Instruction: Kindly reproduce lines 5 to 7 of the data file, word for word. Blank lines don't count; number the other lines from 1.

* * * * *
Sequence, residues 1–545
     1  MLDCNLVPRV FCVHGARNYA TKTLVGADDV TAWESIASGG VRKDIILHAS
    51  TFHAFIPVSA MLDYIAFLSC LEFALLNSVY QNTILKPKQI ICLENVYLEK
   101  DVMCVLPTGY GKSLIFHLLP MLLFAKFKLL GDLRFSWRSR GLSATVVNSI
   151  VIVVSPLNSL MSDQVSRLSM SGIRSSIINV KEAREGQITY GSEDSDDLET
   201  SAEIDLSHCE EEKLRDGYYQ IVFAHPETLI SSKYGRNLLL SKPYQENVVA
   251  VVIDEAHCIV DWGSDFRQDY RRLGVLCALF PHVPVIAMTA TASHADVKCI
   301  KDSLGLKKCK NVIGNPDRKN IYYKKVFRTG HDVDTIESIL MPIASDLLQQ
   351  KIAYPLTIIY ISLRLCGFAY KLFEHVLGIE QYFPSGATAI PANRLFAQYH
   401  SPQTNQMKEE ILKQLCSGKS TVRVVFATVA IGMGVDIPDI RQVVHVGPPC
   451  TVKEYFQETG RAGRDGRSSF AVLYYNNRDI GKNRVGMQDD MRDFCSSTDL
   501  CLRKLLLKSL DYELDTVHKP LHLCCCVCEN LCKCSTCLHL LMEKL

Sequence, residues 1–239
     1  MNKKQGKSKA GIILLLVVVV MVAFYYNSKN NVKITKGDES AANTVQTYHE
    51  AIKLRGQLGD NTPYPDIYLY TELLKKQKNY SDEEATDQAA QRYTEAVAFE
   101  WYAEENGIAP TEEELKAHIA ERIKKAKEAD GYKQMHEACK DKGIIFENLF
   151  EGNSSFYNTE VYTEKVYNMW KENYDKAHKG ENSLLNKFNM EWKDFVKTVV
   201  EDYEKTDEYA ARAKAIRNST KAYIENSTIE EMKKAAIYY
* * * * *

   151  VIVVSPLNSL MSDQVSRLSM SGIRSSIINV KEAREGQITY GSEDSDDLET
   201  SAEIDLSHCE EEKLRDGYYQ IVFAHPETLI SSKYGRNLLL SKPYQENVVA
   251  VVIDEAHCIV DWGSDFRQDY RRLGVLCALF PHVPVIAMTA TASHADVKCI